Last updated: September 24, 2021
Table of contents:
- 1. Vital signs in children
- 2. Summary of steps of cardiopulmonary resuscitation
- 3. Pediatric septic shock Algorithm
- 4. Drugs used in PALS
- 5. Drugs used in PALS (Continued)
- 6. Pediatric cardiac arrest Algorithm
- 7. Details and doses of the pediatric cardiac arrest Algorithm
- 8. PALS systematic approach Algorithm
- 9. Pediatric bradycardia with a pulse and poor perfusion Algorithm
- 10. Pediatric tachycardia with a pulse and poor perfusion Algorithm
- 11. PALS post-resuscitation care
#1: Vital signs in childrenThe heart rate (per minute) is defined depending upon age and if the child is awake or asleep.
- Newborns up to 3 months old, the heart rate is 85–205 while awake and 80–160 while asleep.
- Age 3 months to 2 years old, the heart rate changes and becomes 100–190 while awake and 75–160 while asleep.
- The heart rate begins to fall between the ages of 2 to 10, and becomes 60–140 while awake and 60–90 while asleep.
- Falling further, children aged 10 years and above become 60–100 while awake and 50–90 while asleep.
Respiratory rate (breath per minute) has a similar progression.
- Infant, 30–60.
- Toddler, 24–40.
- Preschooler, 22–34.
- School-aged, 18–30.
- Adolescent, 12–16.
Hypotension in children is determined by age and systolic blood pressure (BP), measured in mmHg.
- Term neonates (0 to 28 days): The systolic BP is < 60 mmHg.
- Infants (1 to 12 months): Systolic BP is < 70 mmHg.
- Children 1 to 10 years (5th BP percentile): Systolic BP is *< 70 mmHg + (age in years x 2).
- Children > 10 years: Systolic BP is < 90 mmHg.
*For example, you use the following calculation to determine hypotension by systolic blood pressure for a 7 year old:
70 mmHg + (7 years of age x 2)
70 mmHg + (14)
Therefore, a 7-year-old child is hypotensive when the systolic blood pressure is less than 84 mmHg.
Modifications in glasgow coma scale for infants and children eye opening:
- For spontaneous eye opening, the score is 4 in both children and infants.
- If eye opening involves speech, the score is 3 for both.
- If eye opening is with pain, the score is 2 in both.
- If there is no eye opening, the score is 1 in both.
Scoring pattern for verbal response:
- The score is 5 if the verbal response is oriented and appropriate in children; and is 5 with coos and babbles in infants.
- The score becomes 4 for confusion in children and irritable caries in infants.
- The score is 3 if children respond with inappropriate words and infants cry in response to pain.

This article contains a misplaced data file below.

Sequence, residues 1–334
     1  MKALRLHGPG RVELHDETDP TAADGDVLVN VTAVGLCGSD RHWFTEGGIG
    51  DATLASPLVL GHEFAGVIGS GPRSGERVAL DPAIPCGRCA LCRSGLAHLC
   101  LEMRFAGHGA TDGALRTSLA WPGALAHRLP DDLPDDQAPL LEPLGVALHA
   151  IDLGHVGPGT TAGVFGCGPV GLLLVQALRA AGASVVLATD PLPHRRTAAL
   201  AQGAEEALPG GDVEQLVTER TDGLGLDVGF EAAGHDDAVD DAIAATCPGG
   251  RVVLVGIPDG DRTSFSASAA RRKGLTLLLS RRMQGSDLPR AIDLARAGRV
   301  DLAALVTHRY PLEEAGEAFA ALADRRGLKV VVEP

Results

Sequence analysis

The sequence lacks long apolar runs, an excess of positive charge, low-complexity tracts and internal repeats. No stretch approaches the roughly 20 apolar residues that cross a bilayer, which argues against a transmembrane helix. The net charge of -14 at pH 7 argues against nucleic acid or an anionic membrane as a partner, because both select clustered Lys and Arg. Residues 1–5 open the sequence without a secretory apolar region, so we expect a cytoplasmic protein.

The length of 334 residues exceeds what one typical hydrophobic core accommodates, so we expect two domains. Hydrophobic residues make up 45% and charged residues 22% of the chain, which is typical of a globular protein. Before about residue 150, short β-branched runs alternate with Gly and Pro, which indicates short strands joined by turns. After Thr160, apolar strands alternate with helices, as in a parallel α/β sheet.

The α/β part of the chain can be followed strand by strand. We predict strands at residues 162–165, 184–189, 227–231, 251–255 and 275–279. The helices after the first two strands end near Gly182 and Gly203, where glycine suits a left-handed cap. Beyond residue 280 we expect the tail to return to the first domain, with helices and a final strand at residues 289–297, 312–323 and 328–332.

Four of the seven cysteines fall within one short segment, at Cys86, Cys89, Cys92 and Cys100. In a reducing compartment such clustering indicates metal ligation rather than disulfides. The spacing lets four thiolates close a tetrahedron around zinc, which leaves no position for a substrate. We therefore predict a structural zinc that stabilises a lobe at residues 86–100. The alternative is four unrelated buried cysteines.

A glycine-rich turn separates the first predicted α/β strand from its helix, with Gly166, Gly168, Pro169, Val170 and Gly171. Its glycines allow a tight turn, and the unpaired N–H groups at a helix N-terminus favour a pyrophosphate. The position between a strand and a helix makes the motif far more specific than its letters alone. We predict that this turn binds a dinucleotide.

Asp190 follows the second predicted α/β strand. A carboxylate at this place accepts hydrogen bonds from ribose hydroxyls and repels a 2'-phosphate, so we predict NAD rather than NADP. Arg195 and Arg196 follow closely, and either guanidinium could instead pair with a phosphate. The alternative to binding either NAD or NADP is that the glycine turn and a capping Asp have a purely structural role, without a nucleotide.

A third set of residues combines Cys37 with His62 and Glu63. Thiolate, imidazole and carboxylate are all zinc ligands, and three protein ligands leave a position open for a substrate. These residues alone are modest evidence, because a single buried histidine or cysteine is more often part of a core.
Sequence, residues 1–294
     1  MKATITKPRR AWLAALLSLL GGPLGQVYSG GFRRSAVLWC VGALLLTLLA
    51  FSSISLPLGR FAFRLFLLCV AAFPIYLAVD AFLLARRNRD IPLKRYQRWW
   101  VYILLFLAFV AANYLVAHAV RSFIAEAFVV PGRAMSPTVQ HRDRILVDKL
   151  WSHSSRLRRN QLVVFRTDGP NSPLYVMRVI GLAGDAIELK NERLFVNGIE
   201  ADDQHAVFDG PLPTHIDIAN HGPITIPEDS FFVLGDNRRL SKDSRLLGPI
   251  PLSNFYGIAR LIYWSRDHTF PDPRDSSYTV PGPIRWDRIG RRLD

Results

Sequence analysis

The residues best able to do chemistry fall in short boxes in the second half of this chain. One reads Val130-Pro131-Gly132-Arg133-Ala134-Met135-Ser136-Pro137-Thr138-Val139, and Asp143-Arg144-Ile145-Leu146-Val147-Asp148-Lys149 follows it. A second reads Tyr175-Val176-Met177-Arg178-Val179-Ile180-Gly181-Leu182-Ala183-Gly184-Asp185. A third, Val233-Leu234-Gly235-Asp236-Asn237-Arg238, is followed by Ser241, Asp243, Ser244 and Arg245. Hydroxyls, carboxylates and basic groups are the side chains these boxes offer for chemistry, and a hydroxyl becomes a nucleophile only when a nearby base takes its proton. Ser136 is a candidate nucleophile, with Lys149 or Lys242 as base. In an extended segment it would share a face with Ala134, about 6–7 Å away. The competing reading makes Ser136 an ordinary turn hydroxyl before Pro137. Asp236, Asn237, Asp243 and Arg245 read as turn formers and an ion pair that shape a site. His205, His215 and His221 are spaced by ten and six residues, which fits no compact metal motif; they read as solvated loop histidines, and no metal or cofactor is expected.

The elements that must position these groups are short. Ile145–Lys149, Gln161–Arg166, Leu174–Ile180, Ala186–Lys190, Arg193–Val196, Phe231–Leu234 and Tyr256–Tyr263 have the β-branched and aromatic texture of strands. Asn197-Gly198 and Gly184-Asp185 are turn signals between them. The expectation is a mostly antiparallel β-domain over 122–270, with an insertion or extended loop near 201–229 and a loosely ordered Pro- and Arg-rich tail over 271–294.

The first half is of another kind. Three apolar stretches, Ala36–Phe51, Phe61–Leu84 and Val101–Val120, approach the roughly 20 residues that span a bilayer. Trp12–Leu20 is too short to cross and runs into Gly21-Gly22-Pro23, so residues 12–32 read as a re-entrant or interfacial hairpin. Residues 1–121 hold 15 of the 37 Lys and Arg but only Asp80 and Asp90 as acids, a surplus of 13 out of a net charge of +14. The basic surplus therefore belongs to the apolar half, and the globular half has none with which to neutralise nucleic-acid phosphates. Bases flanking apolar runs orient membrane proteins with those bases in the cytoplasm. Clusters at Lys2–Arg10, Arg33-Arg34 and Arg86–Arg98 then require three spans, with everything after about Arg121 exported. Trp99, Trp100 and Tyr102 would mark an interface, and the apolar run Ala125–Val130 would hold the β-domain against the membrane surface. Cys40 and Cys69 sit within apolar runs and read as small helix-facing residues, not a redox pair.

- Making of incomprehensible sounds by children and moaning in response to pain by infants lowers the score to 2.
- If there is no verbal response, the score becomes 1 in both.
Scoring pattern for motor response:
- The score is 6 in children obeying commands and in infants showing purposeful and spontaneous movements.
- The score is 5 in children who vocalizes due to painful stimuli and in infants withdrawing with touch.
- The score is 4 in both children and infants withdraw due to pain.
- The score is 3 in children whose flexion is in response to pain and in infants showing abnormal flexion posture due to pain.
- The score is 2 in children who show extension during pain and in infants showing abnormal extension posture due to pain.
- The score is 1 in both the absence of any motor response.
#2: Summary of steps of cardiopulmonary resuscitation (CPR) for adults, children, and infantsThis algorithm outlines the differences between the CPR steps in adults, children, and infants.
- Recognition of unresponsiveness for adults involves absence of normal breathing, any breathing, or gasping. Recognition for children and infants is gasping or no breathing.
- In all the age groups if no pulse is felt within the first 10 seconds, the CPR sequence should be initiated—compressions of the chest, providing airway, and breathing (C-A-B).
- The compression rate should be at least 100/min for both children and adults.
- For adults, the depth of compression should be at least 2 inches (5 cm); for children, it should be 1/2 of anterior-posterior chest diameter or about 2 inches; for infants, it is at least 1/3 of the anterior-posterior chest diameter or about 1 and 1/2 inches (4 cm).
- In all the age groups, the chest should be allowed to recoil completely between compressions.
- The compressors may be rotated in 2 minutes intervals. Interruptions between compressions should be minimized as much as possible and should be restricted to less than 10 seconds.
- Airway may be provided through a head-tilt-chin-lift method while in case of suspected trauma, the jaw-thrust method should be used. Until the placement of advanced airway, the compression to ventilation ratio should be maintained at 30:2 (with 1–2 rescuers in action) for adults; for children and infants, the ratio needs to be at 30:2 (single rescuer in action) while 15:2 (2 rescuers in action).
- For all the age groups, with advanced airway in place, 8–10 breaths/min should be provided, that is 1 breath every 6–8 seconds. The breathing needs to be asynchronous with chest compressions, around 1 second per breath with visible rise in chest.
- As soon as available, the AED leads should be attached and put to use. Before and after shock, interruptions between chest compressions should be minimized. Immediately following each shock, CPR should be resumed with chest compressions.
#3: Pediatric septic shock Algorithm
This algorithm outlines the steps required for the care of children with septic shock.